Traditionally, consumer magazines/newspapers create content that is appealing to consumers, then, because consumers use/read/view their product (to the point they will pay for it) companies trying to market to that market segment advertise in the magazine or newspaper, with the hope that consumers of the magazine will then also buy their products. Some customers even enjoy looking through the ads. This has worked fairly well for a long time now (though, some companies are turning off of print ads because it’s hard to measure the direct response).

In contrast, trade magazines and free dailies are … free. They don’t cost their readers anything. Instead, they are paid for by the companies that advertise in them. Sometimes (at least according to my experiences in trade publishing) this means that editorial revolves around advertisers, and caters to them (rather then readers). This method seems to make less sense – by catering to advertisers you essentially make their ads less successful. At least in trade publications, they can get away with this because you’re dealing with business information, so the readers are partially reading the publication for the same information that manufacturers/advertisers want them to have.

But recent trends in the consumer magazine world make no sense. Ditto on newspapers, though for different reasons. (more…)

Advertising yourself: resume and cover letter

April 1, 2008

Reading my textbook for the class I’m taking on Writing for the Media this week I realized how much writing a cover letter is really advertising for yourself. We were doing a section on ads, and had to write copy platforms – for a advertising campaign.

When you’re looking for a job, that becomes your advertising campaign. You are advertising yourself – so you should keep in mind all the things that ‘sell’ you. Basically, you should create a copy platform for yourself.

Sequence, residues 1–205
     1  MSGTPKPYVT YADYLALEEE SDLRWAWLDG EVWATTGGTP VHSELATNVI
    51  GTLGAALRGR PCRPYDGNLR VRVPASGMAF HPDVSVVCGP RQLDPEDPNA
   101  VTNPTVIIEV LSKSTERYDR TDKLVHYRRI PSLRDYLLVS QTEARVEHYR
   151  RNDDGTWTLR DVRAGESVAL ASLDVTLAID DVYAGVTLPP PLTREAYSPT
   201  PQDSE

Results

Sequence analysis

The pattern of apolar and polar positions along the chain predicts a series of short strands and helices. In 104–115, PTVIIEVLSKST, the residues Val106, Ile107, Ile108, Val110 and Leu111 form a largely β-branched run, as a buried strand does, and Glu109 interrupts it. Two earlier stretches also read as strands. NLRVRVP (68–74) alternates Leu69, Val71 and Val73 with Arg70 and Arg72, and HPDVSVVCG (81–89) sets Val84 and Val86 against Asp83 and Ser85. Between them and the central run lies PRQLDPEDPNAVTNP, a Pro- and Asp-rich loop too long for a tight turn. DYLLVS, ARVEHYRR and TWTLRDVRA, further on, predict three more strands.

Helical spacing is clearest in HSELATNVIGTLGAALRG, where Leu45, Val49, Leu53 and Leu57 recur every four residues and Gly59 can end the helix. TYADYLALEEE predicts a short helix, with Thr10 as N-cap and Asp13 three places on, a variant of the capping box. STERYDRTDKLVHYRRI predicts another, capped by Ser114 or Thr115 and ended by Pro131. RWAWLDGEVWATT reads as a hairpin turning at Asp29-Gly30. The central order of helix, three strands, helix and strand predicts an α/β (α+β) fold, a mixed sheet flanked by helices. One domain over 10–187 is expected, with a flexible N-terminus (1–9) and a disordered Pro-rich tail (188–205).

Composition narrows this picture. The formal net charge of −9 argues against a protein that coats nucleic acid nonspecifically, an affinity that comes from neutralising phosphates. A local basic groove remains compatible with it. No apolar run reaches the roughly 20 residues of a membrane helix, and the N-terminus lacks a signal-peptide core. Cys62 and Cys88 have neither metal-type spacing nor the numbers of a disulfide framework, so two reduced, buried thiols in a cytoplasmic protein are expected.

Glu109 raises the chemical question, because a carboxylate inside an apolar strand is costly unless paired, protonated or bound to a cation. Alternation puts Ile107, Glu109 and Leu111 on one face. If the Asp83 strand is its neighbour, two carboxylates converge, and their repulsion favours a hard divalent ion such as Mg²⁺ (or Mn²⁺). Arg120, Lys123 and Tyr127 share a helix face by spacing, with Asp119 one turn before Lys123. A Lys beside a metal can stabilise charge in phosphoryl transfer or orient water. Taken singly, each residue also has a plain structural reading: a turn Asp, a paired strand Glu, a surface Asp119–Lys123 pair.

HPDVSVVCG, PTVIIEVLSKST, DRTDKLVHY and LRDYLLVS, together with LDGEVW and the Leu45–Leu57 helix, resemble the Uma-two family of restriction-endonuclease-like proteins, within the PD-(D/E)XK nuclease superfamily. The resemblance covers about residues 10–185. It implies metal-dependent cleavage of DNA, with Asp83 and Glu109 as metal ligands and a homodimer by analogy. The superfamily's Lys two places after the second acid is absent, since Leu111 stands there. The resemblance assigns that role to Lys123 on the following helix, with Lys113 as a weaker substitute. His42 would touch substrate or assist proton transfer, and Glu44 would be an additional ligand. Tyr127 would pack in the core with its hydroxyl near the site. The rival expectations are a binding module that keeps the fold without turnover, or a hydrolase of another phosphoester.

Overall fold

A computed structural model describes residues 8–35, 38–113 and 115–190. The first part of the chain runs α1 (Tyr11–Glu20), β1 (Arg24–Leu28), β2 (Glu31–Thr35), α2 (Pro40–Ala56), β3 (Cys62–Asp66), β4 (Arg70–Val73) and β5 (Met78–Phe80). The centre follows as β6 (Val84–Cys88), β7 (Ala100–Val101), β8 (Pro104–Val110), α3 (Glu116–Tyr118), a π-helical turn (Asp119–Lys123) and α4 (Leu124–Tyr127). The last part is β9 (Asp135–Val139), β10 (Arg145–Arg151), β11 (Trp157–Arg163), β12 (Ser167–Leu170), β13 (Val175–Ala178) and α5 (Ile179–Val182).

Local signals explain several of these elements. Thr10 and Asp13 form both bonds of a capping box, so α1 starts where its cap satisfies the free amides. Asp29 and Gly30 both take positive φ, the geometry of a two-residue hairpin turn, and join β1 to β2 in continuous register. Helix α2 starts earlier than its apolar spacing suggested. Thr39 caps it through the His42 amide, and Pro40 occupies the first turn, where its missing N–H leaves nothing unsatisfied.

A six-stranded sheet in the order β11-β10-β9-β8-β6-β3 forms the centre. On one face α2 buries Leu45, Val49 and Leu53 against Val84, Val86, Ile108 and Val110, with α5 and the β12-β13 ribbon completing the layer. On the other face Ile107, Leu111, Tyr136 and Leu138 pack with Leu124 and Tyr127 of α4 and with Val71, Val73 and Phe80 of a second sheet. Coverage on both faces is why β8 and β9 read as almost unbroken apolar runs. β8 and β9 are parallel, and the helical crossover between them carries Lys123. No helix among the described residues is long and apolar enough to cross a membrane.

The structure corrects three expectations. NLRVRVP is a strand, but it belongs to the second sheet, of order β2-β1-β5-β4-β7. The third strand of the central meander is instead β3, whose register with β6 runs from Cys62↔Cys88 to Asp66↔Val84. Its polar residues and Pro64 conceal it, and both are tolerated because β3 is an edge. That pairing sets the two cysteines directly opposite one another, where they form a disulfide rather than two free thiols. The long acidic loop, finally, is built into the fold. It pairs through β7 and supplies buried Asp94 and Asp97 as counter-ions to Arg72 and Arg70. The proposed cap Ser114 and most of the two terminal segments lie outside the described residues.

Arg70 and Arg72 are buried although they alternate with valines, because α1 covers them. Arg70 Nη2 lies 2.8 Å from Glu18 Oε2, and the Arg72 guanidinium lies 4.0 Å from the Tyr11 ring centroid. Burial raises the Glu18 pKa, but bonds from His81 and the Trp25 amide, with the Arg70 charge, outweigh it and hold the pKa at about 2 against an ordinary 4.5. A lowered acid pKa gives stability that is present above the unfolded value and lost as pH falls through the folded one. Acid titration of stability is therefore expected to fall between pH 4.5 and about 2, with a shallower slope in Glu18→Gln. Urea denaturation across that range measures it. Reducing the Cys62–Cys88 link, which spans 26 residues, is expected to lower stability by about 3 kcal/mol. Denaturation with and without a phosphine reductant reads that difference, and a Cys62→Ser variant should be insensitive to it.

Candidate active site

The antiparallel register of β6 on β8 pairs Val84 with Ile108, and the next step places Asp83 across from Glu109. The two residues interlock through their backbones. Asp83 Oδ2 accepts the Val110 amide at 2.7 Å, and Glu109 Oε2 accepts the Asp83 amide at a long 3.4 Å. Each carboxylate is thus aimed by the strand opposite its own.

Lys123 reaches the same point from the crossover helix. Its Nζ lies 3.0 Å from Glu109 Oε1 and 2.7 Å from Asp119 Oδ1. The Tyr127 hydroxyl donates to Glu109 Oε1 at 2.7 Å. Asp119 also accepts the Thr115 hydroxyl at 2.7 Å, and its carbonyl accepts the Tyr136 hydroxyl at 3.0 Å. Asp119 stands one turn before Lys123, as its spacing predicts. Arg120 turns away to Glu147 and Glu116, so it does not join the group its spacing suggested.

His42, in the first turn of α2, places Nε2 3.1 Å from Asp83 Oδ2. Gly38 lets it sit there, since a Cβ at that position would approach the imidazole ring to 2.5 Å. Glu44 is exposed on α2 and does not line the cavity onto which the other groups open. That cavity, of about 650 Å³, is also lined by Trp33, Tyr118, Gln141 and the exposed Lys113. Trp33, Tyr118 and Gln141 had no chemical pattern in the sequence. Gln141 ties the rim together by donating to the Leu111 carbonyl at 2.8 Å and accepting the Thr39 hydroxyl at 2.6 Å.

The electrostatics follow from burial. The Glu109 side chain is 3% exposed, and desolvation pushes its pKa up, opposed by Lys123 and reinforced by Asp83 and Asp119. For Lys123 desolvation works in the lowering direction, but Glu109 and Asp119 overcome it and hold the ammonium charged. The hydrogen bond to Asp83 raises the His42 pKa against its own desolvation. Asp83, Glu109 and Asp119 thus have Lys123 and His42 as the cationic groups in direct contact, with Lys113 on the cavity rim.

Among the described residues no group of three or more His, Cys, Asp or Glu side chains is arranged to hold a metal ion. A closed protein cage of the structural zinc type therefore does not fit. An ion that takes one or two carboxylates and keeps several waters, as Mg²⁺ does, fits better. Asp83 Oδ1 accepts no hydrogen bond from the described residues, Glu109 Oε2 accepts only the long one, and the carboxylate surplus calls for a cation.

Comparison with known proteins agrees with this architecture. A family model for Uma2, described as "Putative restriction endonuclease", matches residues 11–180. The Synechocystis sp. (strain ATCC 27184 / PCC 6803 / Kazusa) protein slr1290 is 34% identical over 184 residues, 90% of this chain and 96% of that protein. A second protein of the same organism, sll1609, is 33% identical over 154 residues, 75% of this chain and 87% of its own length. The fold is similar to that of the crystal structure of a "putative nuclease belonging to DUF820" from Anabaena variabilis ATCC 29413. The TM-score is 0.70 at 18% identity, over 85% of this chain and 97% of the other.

Unless you’ve studied marketing, that probably doesn’t help you much. So heres the break down:

A copy platform is, according to our text book, “a way of getting ideas and information of an advertising situation down on paper and of organizing those ideas in such a way that effective advertising copy can be produced from them.”

It is putting down on paper:

  • The Ad subject (You)
  • The Ad problem (getting you a job)
  • The product characteristics (in a few short bullet points, your best selling points with facts and details included – what you have to offer in a much shorter version then your resume)
  •  Ad objective (getting you a job),
  • Market (types of places you’re applying)
  •  Competition (things other people that are applying don’t have or are unlikely to have that you do – you’re advantage),
  • A statement of benefit or appeal (the one or 2 TOP points, things you are offering a potential employer)
  • Creative theme (come up with your own slogan or maing selling point)
  • Supportive selling points (again, selling points but put in a way that can is short and precise)

The entire piece should still be less then a page. I’ve attached one I did for myself as an example. I think that doing one of these before going in for an interview would help set in your mind exactly what you want to convey to the potential employer. You want to make sure all this information comes across clearly in your cover letter and that it is part of your (much broader ) resume. Then, when you sit down for an interview, you can hit all your points and ‘sell yourself’ to your interviewer. It will make you come across as confident and organized and, if you do a good job, they will be ‘sold’ on your product – yourself.

Copy Platform

Our text book is : Writing for the Mass Media by James Glen Stovall

Other Relevant Posts:
How To Write a Resume
How To Write a Cover Letter